|CRS 2||Appreciable tumor response amid viable tumor that is readily identifiable. Tumor is regularly distributed, ranging from multifocal or diffuse regression-associated fibro inflammatory changes with viable tumor in sheets, streaks, or nodules to extensive regression-associated fibro inflammatory changes with multifocal residual tumor, which is easily identifiable.|
|CRS 3||Complete or near-complete response with no residual tumor or minimal, irregularly scattered tumor foci seen as individual cells. cell groups or nodules up to 2 mm maximum size. Mainly regression-associated fibro inflammatory changes or very little residual tumor in the complete absence of any inflammatory response.|
|CRS, Chemotherapy response score.|
The univariate statistical analyses were conducted with log rank test and Kaplan
Meier curves. We conducted multivariable cox regression analyses either for DFS
and OS taking in account RD, three-tiered and two tiered adnexal and omental CRS
classifications as covariates. The statistical significance was defined with
We identified 47 patients fulfilling the criteria. Characteristics of the population are summarized in Table 2. At the end of the follow-up 37 (78.7%) patients died of disease.
|Median age, years (range)||69 (63–74)|
|Median follow-up, months (IQR)||25 (11–78)|
|FIGO stage, n (%)|
|Residual tumor, n (%)|
|Optimal (0 cm)||25 (53%)|
|Cycles of NACT, n (%)|
|Regiment of NACT, n (%)|
|Regiment of ACT, n (%)|
|IQR, inter quartile range; FIGO, International Federation of Gynecology and Obstetrics; CRS, chemotherapy response score; NACT, neoadjuvant chemotherapy.|
NACT was administered as follows: Carboplatin and Paclitaxel in 35 patients (75%), single agent Carboplatin (20.8%) in 10 patients and Carboplatin, Paclitaxel and Bevacizumab in 2 patients (4.2%). Twenty-one women received 4 cycles (45.8%), ten patients 3 cycles (20.9%), twelve patients 6 cycles (25%) and 4 patients 7 cycles of NACT (8.3%). Optimal cytoreduction was achieved in 34 patients (72.3%) at the time of IDS. Optimal RD did not correlate with DFS (Median 17 vs 20 months; p = 0.73) and OS (Median 28 vs 22; p = 0.93) as can be seen in Fig. 2. Adjuvant chemotherapy was administered in all the included patients with the same regimen of NAC, except for one patient who discontinued Paclitaxel.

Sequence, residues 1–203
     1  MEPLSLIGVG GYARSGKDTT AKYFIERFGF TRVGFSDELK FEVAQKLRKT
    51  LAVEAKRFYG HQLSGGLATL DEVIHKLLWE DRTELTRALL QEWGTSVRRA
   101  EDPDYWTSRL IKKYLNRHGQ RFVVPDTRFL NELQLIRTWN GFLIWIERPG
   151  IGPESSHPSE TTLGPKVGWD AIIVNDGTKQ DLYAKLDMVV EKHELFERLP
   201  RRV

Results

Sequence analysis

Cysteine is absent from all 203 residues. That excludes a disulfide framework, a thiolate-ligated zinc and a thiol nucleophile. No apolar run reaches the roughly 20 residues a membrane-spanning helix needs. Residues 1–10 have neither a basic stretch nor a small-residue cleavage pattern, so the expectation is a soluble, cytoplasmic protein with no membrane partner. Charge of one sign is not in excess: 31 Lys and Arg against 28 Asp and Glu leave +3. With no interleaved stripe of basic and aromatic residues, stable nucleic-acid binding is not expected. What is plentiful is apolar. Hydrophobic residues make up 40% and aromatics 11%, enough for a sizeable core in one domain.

Survival outcomes based on residual disease (RD). (A) DFS (Disease free survival) stratified according to RD. DFS, disease-free survival. (B) DFS (Overall survival) stratified according to RD. OS, overall survival.
At histological evaluation of the adnexa 17 patients were categorized as CRS 1 (36.2%), 17 patients as CRS 2 (36.2%) and 13 patients as CRS 3 (27.6%). CRS for corresponding omental specimen found discordance with adnexal results in 22% of the cases: 17 patients categorized as CRS 1 (36.2%), 13 patients as CRS 2 (27.6%) and 17 patients as CRS 3 (36.2%) as can be seen in Table 3.
|Adnexal CRS||1||10||4||3||17 (36.2%)|
|Total||17 (36.2%)||13 (27.6%)||17 (36.2%)||47 (100%)|
Using adnexal and omental CRS 1 as reference, we respectively found that adnexal CRS 2 (HR 0.4; 95% CI 0.2–1.0; p = 0.05) and adnexal CRS 3 (HR 0.30; 95% CI 0.11–0.65; p = 0.04) were both good prognostic factors for DFS, while omental CRS 2 and CRS 3 were not significant (respectively with a p value of 0.72 and 0.96).
Adnexal CRS 2 (HR 0.12; 95% CI 0.04–0.33; p
We avoided the analysis of a two-tier classification of adnexal CRS given the significant results obtained by the three-tiered one. On the counter side, using omental CRS 1 as reference, we failed to found a significant role for CRS 1+2 for DFS (p = 0.7) and OS (p = 0.38). Again, exploring the two-tier omental system by combining CRS 2+3, we failed to found a significant correlation with DFS (p = 0.7) and OS (p = 0.4).
To investigate if the number of cycles would impact the prognostic performance
of CRS we further performed a multivariable analysis incorporating this variable
as covariate. Using adnexal CRS 1 as reference, we found that CRS 2 (HR 0.43; 95%
CI 0.18–1.00; p = 0.5) and adnexal CRS 3 (HR 0.29; 95% CI 0.11–0.65;
Our results confirmed that, regardless the number of cycles administered as NACT and the RD at IDS, adnexal CRS three-tied system can be a useful prognosticator for DFS and OS, while omental CRS was not able to provide clinical insights regarding survival trends. Histopathological tumor response to NACT is routinely assessed in breast, esophageal, and rectal cancers [12, 13, 14]. In 2015 Böhm et al.  proposed the three-tier CRS system to evaluate NACT response in HGSC. Subsequently different studies investigated this system and its correlation with DFS and OS [9, 10, 15, 16, 17, 18, 19, 20, 21, 22, 23, 24, 25]. Heterogeneous results were reported and its prognostic value remained unclear. Our findings support that the three-tier CRS system is reproducible scoring system, even though with limitations.